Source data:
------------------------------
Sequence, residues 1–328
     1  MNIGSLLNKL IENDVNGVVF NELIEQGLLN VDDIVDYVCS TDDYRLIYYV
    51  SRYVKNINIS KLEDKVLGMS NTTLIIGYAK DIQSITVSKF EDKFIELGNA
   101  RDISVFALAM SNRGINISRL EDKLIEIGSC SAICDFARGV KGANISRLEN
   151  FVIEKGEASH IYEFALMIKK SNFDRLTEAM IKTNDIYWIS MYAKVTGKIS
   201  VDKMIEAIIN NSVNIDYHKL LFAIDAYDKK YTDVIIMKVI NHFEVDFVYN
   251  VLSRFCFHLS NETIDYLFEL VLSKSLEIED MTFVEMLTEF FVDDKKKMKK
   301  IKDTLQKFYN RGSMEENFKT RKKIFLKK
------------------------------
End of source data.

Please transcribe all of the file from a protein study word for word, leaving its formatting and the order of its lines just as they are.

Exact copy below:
Sequence, residues 1–328
     1  MNIGSLLNKL IENDVNGVVF NELIEQGLLN VDDIVDYVCS TDDYRLIYYV
    51  SRYVKNINIS KLEDKVLGMS NTTLIIGYAK DIQSITVSKF EDKFIELGNA
   101  RDISVFALAM SNRGINISRL EDKLIEIGSC SAICDFARGV KGANISRLEN
   151  FVIEKGEASH IYEFALMIKK SNFDRLTEAM IKTNDIYWIS MYAKVTGKIS
   201  VDKMIEAIIN NSVNIDYHKL LFAIDAYDKK YTDVIIMKVI NHFEVDFVYN
   251  VLSRFCFHLS NETIDYLFEL VLSKSLEIED MTFVEMLTEF FVDDKKKMKK
   301  IKDTLQKFYN RGSMEENFKT RKKIFLKK